#MeToo: Women are taking to social media to share stories of sexual harassment and assault

The social media movement shows how often it really happens.

If you've seen "me too" Facebook statuses and tweets flooding social media, it's because that's how common sexual harassment and assault are.

Women – and some men – are posting stories or messages with #metoo to show that they've also been victim of sexual harassment or sexual assault. 

The posts began Sunday after actress Alyssa Milano tweeted the following:

As of Monday morning, Milano's tweet had gotten at least 35,000 replies, was retweeted 13,000 times and had more than 26,000 likes. 

Some just wrote "me too" in response, while others shared their personal stories. 

This movement started in response to all the sexual harassment allegations against Harvey Weinstein, which he has denied. 

Milano previously wrote that "sexual harassment and assault in the workplace are not just about Harvey Weinstein. We must change things in general. We must do better for women everywhere."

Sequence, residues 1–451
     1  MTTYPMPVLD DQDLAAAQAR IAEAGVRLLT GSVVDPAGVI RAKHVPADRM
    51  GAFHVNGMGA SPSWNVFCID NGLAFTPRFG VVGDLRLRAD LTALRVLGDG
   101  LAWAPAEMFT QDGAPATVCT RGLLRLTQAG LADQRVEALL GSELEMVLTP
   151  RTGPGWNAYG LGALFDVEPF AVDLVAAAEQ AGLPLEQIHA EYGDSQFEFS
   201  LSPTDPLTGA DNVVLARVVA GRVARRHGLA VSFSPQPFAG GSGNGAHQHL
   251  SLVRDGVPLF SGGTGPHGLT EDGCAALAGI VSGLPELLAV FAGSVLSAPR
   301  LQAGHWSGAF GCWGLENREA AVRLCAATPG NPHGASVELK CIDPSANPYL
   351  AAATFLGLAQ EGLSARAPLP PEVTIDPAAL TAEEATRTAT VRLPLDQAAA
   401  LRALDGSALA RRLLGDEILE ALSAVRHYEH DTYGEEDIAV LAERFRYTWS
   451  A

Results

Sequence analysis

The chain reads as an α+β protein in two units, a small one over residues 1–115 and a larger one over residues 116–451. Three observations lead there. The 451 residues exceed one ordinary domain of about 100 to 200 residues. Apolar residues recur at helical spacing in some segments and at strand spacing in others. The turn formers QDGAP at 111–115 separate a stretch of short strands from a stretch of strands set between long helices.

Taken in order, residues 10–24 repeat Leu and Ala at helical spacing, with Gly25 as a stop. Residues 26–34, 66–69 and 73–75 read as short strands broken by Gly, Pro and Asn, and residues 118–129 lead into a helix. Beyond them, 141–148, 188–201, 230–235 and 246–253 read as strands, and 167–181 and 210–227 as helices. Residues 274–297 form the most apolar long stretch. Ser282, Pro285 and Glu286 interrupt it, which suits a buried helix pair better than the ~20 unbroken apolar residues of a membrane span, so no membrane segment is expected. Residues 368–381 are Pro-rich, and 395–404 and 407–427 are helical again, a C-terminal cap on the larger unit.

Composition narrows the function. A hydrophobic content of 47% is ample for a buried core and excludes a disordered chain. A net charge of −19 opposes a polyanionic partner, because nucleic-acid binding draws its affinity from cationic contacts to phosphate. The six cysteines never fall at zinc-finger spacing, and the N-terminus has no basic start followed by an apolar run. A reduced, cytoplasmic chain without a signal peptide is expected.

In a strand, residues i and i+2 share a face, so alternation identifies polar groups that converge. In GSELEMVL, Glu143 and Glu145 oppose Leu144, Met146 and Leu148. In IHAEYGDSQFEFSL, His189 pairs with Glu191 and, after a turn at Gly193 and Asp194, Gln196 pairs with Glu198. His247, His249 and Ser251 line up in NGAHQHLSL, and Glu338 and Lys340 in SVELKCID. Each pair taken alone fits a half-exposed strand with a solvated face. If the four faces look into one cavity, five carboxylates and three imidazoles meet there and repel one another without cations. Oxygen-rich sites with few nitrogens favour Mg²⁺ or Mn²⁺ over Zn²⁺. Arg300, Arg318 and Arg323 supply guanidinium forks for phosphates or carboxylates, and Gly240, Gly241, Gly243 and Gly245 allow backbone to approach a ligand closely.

Sexual harassment at work 

Sexual harassment is quite common for women at work. In fact, a 2015 survey by Cosmopolitan found 1 in 3 women between the ages of 18-34 had been sexually harassed at work. 

Other surveys have found at least a quarter of all women have experienced some type of sexual harassment at work, which is illegal

In 2015, nearly one-third of the charges filed with the Equal Employment Opportunity Commission involved harassment. Of those, about a quarter were related to sexual harassment, the National Women's Law Center says.

And those are only the people who report it. Many do not because they're scared of losing their job or hurting their career, or because they don't think anyone will believe them, the law center notes. 

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